Tuesday, June 3, 2014

Facing the Music - What does the herb garden look like this year

There are no good overall shots of the garden as yet. I sat on my camera and broke the screen, so now I cannot tell what I am taking pictures of and I cannot change the settings.  Until I get a new camera, I can take outdoor photos, medium range, full sun only because that was the setting when I sat on it.

Here are some details of the garden plants.  There were some situations I prayed would not happen, some I expected and others that were a complete surprise.

We will start with some good news.  The Catmint (and other mints) are thriving, not even a polar vortex can keep mint down!

catmint / catnip

The whole row looked as good as these couple of plants. This chives got very thick, like German leek chives, I do not know why.  The flowers are not as purple as in past years, more of a pink shade.  I took this image and promptly cut off all the flowers for vinegar!

The dill did come up from seed, some from last season self-sow and some I threw down this spring, but the early heat made them leggy and thin and they are falling over already.

Now to the expected bad news.  This winter was too harsh for lavender.  Even though I do not trim them in the fall and even though I piled mulch on them after the first frost, they were largely dead this spring.  In hopes of encouraging growth from the base, I trimmed them a month ago.  However, well... you can see the results.
dead lavender

end plant from above photo with some small growth!!
More dead lavender, but one plant has made a healthy comeback.
I prayed that the snow cover would protect and preserve my thyme plants when the weather turned bitter, but this was not to be.  My lemon thyme fared best, those plants int he middle of the row arte still alive.  The ends of the rows are all dead and have been ruthlessly yanked from the ground so there is no photographic evidence of their demise.  However, the lowest growing thymes seem to have fared the best.  There was some winter kill in the creeping thyme.  The red creeping thyme, almost a miniature thyme seems to have fully recovered from winter with few dead stems.  It is now a carpet taking over the vacated places of its neighbor plants.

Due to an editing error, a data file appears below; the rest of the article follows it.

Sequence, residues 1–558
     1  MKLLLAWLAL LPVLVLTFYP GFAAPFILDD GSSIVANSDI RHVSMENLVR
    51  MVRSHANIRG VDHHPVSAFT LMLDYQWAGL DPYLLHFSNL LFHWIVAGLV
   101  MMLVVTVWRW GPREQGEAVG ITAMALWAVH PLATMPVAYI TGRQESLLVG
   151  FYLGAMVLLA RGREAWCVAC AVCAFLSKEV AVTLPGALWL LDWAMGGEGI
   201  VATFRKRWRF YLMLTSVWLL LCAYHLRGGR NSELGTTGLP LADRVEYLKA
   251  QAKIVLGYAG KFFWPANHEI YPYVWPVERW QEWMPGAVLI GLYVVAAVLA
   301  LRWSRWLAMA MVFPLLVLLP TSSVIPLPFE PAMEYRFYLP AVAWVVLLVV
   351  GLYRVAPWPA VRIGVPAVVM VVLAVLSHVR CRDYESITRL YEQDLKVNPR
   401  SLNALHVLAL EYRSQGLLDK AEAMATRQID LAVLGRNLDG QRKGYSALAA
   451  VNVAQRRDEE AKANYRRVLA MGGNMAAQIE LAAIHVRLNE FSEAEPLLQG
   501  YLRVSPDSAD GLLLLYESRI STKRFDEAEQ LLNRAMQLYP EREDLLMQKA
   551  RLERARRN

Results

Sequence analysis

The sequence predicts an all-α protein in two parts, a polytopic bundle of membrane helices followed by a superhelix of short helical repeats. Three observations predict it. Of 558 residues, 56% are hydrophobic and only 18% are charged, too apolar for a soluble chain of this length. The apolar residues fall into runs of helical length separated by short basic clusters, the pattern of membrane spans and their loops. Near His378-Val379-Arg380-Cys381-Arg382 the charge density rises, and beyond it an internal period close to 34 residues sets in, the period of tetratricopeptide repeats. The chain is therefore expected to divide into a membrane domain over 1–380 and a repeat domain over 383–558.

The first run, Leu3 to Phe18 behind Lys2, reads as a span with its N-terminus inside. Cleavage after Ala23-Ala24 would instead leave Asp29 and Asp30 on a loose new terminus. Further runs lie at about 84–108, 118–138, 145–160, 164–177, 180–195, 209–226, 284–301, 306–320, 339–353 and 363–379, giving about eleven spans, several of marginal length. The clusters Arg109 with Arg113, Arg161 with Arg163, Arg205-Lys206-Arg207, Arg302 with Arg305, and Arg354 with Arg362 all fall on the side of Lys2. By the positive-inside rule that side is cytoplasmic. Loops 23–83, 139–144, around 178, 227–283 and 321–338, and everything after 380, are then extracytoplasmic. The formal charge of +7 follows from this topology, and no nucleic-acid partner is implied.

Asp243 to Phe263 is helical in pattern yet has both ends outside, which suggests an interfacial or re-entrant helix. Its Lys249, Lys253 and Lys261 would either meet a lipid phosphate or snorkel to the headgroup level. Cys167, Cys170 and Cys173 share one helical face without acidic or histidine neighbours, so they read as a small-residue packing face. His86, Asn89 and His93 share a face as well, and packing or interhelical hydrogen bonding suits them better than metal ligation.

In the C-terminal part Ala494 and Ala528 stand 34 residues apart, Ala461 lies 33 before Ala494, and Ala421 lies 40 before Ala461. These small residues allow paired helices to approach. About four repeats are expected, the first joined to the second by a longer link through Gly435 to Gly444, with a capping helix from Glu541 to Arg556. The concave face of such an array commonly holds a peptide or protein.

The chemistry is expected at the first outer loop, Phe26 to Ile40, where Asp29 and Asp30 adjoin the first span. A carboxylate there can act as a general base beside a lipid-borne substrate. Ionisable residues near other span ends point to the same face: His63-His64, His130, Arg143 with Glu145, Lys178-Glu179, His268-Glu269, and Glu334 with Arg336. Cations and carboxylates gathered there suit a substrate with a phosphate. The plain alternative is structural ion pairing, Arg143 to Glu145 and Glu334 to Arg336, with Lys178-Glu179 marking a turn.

common thyme with winter kill

creeping lemon thyme with winter kill

Creeping red no death at all!
The peppermint, of course wintered over, but it was stressed and this spring was plagued by an infestation of bugs that are damaging the leaves and leaving black spots.
Black stem Peppermint
 From a distance you cannot see the damage, but if you look at a close up of the same plant you can see the infestation and the leaf damage.,  See the white bug there in about the middle of the photo?

The plant that surprised me with its inability to survive the winter was sage.  A woody shrub it is normally my first plant to green in the spring after the salad burnet and chives, but this year some plant stalks were totally dead.  Many of the plants did spring new growth from the crown, but they are in sorry shape and there was no spring harvest of sage this year. (I love the sweetness of spring sage leaves and use them in salads and to make vinegar.)
Russian sage growing from the crown the stalks still dead.

The plants at the top of the picture are just dead.

Common sage again many dead branches

I have many more pictures of dead sage, but I think this is enough carnage.  Now back to some good news.  The rue is fine and looking a nice bright green and flowering (a bit early).

The Golden Anise Hyssop I got after seeing the plant at the Arboretum last year not only made it through the winter, but it self seeded some wonderful little friends.

Golden Anise Hyssop
At first when I came into the garden and saw these plants, I thought they were lemon balm because of the bright green color, but when I realized the lemon balm should be on the other end of the garden.  I panicked thinking they had been relocated by wild life or water, but then I realized it was anise hyssop and I was pleased that my single plant (lower left corner of photo) had made so many babies. There is hope and growth after the long winter after all! 

In posting these photos I noticed something I did not while I was taking the pictures.  There are a lot of weeds in there.  I need to get to work!

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